Adirondack Architectural Heritage affirms support for rails and trails

AARCH Position on the New York Central Railroad, Adirondack Division, Corridor

Adirondack Architectural Heritage supports the preservation of the contributing historic features, including the railroad tracks themselves, of the New York Central Railroad, Adirondack Division, corridor, which is listed on the State and National Register of Historic Places. AARCH also supports the multiple public and nonprofit use concept for the corridor as envisioned and outlined in its management plan.

Adirondack Architectural Heritage (AARCH) is the private nonprofit, historic preservation organization for the Adirondack Park. AARCH has a membership of more than 1500 people and is dedicated to protecting and preserving the irreplaceable architectural heritage, historic places, and communities of the region. In addition to our far-ranging educational programs, technical assistance work, and partnership projects, AARCH has helped to successfully solve several contentious conflicts over the preservation of historic and cultural resources, including at Camp Santanoni, several fire observation towers, the Bow Bridge, Debar Pond Lodge, and the Old Stone Barracks.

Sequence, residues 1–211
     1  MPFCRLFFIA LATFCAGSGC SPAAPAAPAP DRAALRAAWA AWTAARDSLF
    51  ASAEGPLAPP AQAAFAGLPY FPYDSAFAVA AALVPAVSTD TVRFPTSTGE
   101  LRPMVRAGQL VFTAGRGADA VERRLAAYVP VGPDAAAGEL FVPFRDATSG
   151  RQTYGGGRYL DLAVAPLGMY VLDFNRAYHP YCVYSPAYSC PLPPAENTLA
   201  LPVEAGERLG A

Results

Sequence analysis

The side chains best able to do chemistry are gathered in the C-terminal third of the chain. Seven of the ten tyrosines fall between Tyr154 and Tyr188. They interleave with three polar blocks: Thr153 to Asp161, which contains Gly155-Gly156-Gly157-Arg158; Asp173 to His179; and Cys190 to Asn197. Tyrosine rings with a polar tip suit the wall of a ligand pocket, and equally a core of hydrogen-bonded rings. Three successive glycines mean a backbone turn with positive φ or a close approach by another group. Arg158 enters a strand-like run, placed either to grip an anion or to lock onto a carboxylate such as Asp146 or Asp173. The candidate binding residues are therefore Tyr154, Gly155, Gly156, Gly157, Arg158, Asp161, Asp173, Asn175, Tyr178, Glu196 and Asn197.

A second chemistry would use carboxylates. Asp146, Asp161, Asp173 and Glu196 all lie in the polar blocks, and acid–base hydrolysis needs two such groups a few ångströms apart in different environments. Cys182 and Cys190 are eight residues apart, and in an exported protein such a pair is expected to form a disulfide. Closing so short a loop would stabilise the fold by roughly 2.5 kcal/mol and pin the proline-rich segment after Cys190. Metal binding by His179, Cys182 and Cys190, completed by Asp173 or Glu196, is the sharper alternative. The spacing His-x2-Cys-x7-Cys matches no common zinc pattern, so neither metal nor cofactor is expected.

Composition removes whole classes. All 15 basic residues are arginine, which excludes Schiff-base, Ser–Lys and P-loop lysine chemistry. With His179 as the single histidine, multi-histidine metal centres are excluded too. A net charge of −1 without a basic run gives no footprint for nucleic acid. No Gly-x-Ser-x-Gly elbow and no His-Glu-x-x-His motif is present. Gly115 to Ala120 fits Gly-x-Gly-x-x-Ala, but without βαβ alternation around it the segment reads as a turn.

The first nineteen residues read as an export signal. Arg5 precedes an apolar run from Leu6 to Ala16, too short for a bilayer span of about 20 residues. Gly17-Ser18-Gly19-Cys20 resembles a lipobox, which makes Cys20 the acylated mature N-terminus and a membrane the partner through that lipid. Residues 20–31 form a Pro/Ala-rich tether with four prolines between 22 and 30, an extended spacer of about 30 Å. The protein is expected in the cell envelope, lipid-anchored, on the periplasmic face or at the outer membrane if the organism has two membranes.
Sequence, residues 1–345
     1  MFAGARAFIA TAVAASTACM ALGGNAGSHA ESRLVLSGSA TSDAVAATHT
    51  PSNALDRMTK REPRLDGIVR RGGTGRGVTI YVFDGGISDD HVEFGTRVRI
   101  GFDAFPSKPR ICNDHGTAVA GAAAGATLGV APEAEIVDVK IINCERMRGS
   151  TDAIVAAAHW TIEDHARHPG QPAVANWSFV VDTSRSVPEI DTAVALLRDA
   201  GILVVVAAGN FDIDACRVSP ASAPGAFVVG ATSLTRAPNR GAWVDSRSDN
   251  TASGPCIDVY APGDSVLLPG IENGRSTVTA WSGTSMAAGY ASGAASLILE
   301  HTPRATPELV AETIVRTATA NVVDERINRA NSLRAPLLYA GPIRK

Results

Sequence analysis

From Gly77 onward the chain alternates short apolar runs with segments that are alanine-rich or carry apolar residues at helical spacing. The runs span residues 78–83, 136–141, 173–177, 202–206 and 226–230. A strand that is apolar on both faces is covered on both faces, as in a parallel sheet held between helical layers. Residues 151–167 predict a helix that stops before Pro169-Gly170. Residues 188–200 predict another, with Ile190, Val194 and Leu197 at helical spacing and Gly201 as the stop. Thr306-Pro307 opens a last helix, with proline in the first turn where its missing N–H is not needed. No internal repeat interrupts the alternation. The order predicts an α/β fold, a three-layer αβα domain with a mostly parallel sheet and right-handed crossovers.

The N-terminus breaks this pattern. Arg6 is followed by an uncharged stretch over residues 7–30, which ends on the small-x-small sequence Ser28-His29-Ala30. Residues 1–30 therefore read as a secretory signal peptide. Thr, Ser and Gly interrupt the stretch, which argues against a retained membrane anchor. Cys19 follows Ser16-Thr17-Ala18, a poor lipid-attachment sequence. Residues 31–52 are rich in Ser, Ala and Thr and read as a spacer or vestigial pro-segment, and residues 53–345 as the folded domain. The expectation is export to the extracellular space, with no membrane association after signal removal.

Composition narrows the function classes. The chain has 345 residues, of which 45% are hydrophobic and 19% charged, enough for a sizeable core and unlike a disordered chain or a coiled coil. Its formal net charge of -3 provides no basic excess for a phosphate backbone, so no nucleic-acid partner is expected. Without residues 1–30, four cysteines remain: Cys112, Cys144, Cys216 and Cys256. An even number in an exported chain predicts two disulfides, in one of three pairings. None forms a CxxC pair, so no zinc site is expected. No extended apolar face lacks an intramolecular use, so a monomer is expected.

The New York Central Railroad, Adirondack Division corridor is an historic resource of great importance. This railroad made it possible for the interior of the western and central Adirondacks to be more widely settled and to prosper economically. Its significance is evident by its listing on both the State and National Registers of Historic Places.

We concur with the opinion of the Office of Parks, Recreation, and Historic Preservation that the “removal of the railroad tracks from the historic right-of-way would be considered an Adverse Impact . . . . and would diminish those qualities which made the railroad State and National Register of Historic Places eligible.”

It is our position that the railroad tracks should remain in place and that the corridor should continue to be used for multiple purposes as was envisioned by the management plan adopted for the corridor in 1996.


Steven Engelhart, Executive Director

Adirondack Architectural Heritage


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